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Bowstring Flaying, should I worry about it?

Q

"My bowstring is flaying a bit on the tips. Should I be worried about it?"

A

Hello!

Not really. Bowstrings are designed to be multiple times stronger than the bow itself. A few strands flaying is not a big concern.

Individual strands have their own weight allowance. Eg. 20 to 40 lbs per strand. So if your bowstring has 16 strands and they can withstand 40 lbs per strand then its max weight is theoretically 640. Since strands can flay / snap it is desirable to have a max weight that is many multiples of the bow's weight.

If two strands flay the bowstring is still usable because it still has 560 left. If half of the strands flay it is probably time for a new bowstring.

The individual strength of strands can vary wildly between the type of material. Some materials might only be 20 lbs per strand, 25, 30, etc. So for example a particular brand might only be 20 lbs per strand, but might also be physically lighter, and/or more/less likely to stretch. With 16 strands that bowstring would be able to withstand 320 lbs, which is still abundantly more than the bow itself, but might have the advantages of less weight and stretching less.

Flemish Twist Bowstring
To save weight / add speed some archers will also make 14, 12 or 10 strand bowstrings. Thinner bowstrings means it will require more serving for the nocks.

Most archers prefer to have a robust bowstring that lasts a long time, hence why 14 and 16 strands are the most common. Some will even do 18 or 20 strands just to make the bowstring more robust and take the slower arrow speed as a trade off. (Crossbow bowstrings typically use between 24 and 30 strands, although the actual amount may vary on the crossbow manufacturer and model.)

You may also notice differences in sound, arrow flight accuracy, nock looseness/tightness, bowstring stretchiness effecting brace height, how easily strands flay, and differences between the types of materials you are using (dacron, fastflight, more traditional materials).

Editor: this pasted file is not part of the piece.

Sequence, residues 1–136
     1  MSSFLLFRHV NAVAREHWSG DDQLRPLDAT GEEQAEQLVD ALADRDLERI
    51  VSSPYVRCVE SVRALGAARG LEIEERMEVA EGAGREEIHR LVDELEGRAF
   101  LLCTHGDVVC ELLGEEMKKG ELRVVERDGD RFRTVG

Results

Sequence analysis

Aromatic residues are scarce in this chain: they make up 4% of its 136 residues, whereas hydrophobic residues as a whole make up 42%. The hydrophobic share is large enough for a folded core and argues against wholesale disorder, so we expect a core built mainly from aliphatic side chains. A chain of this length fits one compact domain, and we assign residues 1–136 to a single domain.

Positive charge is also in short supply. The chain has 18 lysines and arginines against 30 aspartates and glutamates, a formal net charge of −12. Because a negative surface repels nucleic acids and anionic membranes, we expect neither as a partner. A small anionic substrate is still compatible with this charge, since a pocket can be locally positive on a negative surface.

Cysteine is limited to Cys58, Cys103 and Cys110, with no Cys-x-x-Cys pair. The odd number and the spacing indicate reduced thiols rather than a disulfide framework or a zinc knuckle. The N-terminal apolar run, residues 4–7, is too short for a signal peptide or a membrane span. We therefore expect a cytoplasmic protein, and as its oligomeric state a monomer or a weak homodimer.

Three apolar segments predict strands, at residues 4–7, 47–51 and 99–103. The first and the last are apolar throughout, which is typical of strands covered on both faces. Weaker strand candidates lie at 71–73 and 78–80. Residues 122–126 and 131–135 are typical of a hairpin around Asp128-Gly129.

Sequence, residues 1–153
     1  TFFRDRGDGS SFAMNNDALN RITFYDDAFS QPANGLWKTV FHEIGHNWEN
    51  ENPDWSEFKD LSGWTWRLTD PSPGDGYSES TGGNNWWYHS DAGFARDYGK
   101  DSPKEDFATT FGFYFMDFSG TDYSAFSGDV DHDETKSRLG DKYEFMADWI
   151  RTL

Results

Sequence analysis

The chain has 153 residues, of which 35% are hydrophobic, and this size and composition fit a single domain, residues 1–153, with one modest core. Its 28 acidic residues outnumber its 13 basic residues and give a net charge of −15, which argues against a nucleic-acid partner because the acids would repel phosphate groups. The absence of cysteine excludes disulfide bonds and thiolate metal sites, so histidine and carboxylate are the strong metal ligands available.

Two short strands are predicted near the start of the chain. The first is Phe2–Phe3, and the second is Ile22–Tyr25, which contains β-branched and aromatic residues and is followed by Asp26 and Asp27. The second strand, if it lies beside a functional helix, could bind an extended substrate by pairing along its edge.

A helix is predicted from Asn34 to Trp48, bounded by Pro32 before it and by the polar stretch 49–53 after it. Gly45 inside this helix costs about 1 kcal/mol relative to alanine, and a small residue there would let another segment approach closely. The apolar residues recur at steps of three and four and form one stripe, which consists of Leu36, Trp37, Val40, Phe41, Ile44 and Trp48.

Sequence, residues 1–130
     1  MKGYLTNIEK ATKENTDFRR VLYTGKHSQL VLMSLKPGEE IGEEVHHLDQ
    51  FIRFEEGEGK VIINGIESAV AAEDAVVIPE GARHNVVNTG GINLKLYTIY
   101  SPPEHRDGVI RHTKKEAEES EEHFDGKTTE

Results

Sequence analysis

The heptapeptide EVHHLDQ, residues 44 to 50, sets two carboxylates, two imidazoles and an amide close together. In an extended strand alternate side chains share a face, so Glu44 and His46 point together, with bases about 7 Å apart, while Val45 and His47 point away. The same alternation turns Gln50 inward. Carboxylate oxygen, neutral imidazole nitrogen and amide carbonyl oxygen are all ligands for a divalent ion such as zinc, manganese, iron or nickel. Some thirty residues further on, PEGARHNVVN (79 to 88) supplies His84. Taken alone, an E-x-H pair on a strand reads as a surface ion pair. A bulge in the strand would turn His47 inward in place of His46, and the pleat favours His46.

For those people who want to gain extra speed / accuracy they may want to consider learning how to make their own bowstrings using better quality materials so they can learn how to optimize speed by lowering the physical weight of the bowstring. If you do decide to do that, a good place to start is to learn how to make a Flemish Twist bowstring.

Happy Shooting!


How dangerous are crossbows?

My condolences go out to the families of the three people murdered in Scarborough around 1 PM today with a crossbow. For more details about that incident read Triple Crossbow Homicide in Scarborough.

I was contacted earlier today by the radio station Newstalk 1010, which had a number of questions about crossbows. The discussion sparked a number of frequently asked questions about crossbows, however the conversation was relatively short and I don't feel like we covered all the FAQ people would possibly like to know. To allay the concerns of my fellow Torontonians here are some frequently asked questions and the corresponding answers.

How dangerous are crossbows?
In short, very dangerous. Hunters in Ontario commonly use them for shooting black bears, elk, moose and large game. So they are very lethal.
How easy is it to buy a crossbow?
Very easy, provided you are over 18 years of age. They are available at most hunting/fishing stores, and can even be purchased at Canadian Tire or Walmart or similar stores. I doubt that some stores like Walmart even routinely check for ID when people are purchasing crossbows, because the staff working there may not know the laws about selling crossbows to minors.
How powerful are crossbows?
The minimum poundage for a hunting crossbow in Ontario, by law, is 150 lbs of force. Which is a lot of kinetic energy when you compare to other types of bows. For example if someone was shooting a normal bow (compound bow, recurve bow, longbow, etc) then the minimum legal requirement is 39.7 lbs when hunting deer or smaller game. For larger game like elk, moose and black bear the minimum is 48.5 lbs. So when you compare to normal bows, crossbows are incredibly powerful.

Anything smaller than 150 lbs is considered to be a "youth crossbow" and is illegal to hunt with. Some crossbows are exceptionally powerful, like the "Excalibur Matrix 405", which has a 290 lb draw weight and a speed of 405 feet per second when firing 350 grain crossbow bolts. Note, there is no legal limit on how powerful crossbows can be. Hypothetically a hunter could use a ballista to hunt deer.
How easy is it to make your own crossbow?
These days, very easy. If a person had a 3D printer they could print the stock needed to make the crossbow, and then they would just need to attach a bow of somekind to the front, made out of wood or high tensile steel or a steel alloy. (Modern crossbows are usually made out of metal.) Failing that a person could also just build their own out of wood and metal, total cost would be less than $50 for all the parts. The hardest part to make would be the trigger mechanism.
How fast or slow is it to load and reload a crossbow?
This is the Achilles heel of crossbows. Typically, they are VERY SLOW to reload. A typical modern crossbow in the hands of an experienced crossbow enthusiast could be reloaded perhaps twice per minute using a foot stirrup and a cocking rope. Three times per minute if it was a very light poundage crossbow and/or the person operating it was quite strong. A slower but easier method would be to use a windlass handcrank, in which case expect perhaps 1 shot per minute. Using a windlass crank is more common with any of the really heavy poundage crossbows, like the one shown below.

Excalibur Windlass Crank
How do crossbows compare to other kinds of weapons?